Errors in assessing DSM-IV substance use disorders
Archives of General Psychiatry (Impact Factor: 14.48). 04/2007; 64(3):379-80; author reply 381-2. DOI: 10.1001/archpsyc.64.3.379
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- "The combination of abuse and dependence into a single diagnosis reflected substantial evidence from factor and item response theory (IRT) analyses supporting a single latent construct underlying all DSM-IV SUDs, with abuse and dependence criteria always intermixed along the severity spectrum (e.g., Compton et al., 2009; Mewton et al., 2011; Saha et al., 2006, 2007, 2010, 2012; Shmulewitz et al., 2010). Additional considerations included the well-documented reliability (Hasin et al., 2006a) and validity (Compton et al., 2007; Dawson et al., 2000; Grant et al., 2004; Hasin et al., 2007) of dependence but less desirable psychometric properties of abuse. Moreover, whereas a syndrome by definition requires more than one symptom, almost half of all abuse cases received a diagnosis by meeting only one criterion, typically hazardous use (Hasin et al., 1999; Hasin & Paykin, 1999). "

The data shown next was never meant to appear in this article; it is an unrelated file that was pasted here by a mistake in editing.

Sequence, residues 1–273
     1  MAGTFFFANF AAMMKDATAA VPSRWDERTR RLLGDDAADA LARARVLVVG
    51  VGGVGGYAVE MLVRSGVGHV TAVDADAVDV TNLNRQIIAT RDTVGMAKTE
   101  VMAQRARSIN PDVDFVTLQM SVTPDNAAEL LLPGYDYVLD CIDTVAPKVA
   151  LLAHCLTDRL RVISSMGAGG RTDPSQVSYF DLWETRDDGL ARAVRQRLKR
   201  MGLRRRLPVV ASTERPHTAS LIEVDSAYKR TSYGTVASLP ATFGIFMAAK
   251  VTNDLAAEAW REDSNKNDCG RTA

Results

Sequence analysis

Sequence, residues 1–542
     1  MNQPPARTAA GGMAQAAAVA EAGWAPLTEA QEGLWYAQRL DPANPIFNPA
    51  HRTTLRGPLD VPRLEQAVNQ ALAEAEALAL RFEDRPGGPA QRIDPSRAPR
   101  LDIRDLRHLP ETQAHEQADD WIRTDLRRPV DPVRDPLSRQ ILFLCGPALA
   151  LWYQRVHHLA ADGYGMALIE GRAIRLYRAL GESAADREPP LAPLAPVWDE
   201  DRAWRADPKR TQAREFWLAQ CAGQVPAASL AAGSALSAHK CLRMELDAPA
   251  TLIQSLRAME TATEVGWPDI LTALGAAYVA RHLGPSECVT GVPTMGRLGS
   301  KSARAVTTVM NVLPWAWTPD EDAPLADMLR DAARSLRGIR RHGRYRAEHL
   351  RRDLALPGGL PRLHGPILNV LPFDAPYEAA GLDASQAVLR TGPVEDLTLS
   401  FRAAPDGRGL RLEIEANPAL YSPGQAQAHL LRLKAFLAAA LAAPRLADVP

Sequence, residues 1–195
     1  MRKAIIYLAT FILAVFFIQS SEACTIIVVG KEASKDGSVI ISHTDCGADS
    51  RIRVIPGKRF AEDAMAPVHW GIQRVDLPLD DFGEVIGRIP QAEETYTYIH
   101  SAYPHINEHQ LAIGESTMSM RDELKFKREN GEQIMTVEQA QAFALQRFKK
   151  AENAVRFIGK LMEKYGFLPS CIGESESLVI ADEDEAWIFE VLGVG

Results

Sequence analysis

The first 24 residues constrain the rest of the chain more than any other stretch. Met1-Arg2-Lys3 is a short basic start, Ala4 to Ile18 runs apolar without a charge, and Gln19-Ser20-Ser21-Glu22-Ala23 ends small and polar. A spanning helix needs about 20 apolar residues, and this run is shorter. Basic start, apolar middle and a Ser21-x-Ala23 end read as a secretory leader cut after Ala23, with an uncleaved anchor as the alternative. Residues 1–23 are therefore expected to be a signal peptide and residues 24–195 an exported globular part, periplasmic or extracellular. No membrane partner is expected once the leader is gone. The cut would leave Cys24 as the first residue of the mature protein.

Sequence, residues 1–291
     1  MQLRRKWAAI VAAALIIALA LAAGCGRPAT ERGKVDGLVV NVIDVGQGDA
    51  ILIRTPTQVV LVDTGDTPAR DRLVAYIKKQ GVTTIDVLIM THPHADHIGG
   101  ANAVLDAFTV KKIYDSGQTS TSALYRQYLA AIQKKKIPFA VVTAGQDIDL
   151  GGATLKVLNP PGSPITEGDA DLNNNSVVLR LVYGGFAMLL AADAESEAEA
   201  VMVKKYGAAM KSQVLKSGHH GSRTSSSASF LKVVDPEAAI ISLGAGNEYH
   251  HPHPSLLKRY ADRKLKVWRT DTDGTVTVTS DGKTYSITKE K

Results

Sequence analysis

ABSTRACT: The purpose of this study was to examine prevalences and concordances between Diagnostic and Statistical Manual of Mental Disorders, Fourth Edition (DSM-IV), and Fifth Edition (DSM-5) substance use disorders (SUDs) in a newly completed U.S. epidemiologic survey. The National Epidemiologic Survey on Alcohol and Related Conditions-III surveyed 36,309 civilian, noninstitutionalized adults. SUDs were assessed using the Alcohol Use Disorder and Associated Disabilities Interview Schedule-5. Concordances between DSM-IV and DSM-5 disorders were assessed using kappa statistics. Prevalences of past-year substance-specific DSM-5 disorders (2+ criteria) were modestly higher than those of DSM-IV dependence and abuse combined for alcohol, sedatives/tranquilizers, opioids, and heroin, but lower for cannabis, cocaine, and stimulants. Lifetime prevalences were lower under DSM-5. Prevalences were similar between moderate to severe (4+ criteria) DSM-5 disorders and dependence, whereas prevalences of DSM-5 disorders at 3+ criteria (DSM-5 [3+]) were higher, particularly for cannabis. Past-year concordances were excellent for DSM-IV dependence and abuse combined versus any DSM-5 and DSM-IV dependence versus DSM-5 moderate to severe disorders; lifetime concordances were fair to excellent. Past-year concordances between DSM-IV and DSM-5 (3+) were generally similar to or modestly higher than those with any DSM-5 disorder; lifetime concordances were mostly lower. Findings are consistent with those informing the development of DSM-5. Future research should examine differences in patterns between past-year and lifetime disorders, particularly for cannabis. Other questions warranting investigation include whether different combinations of the same numbers of criteria carry different clinical or nosologic implications, whether changes innosology yield changes in treatment demand, and whether changes in characteristics of individuals with DSM-5 SUDs dictate modifications to screening and intervention.Journal of studies on alcohol and drugs 05/2015; 76(3):378-388. DOI:10.15288/jsad.2015.76.378 · 2.76 Impact Factor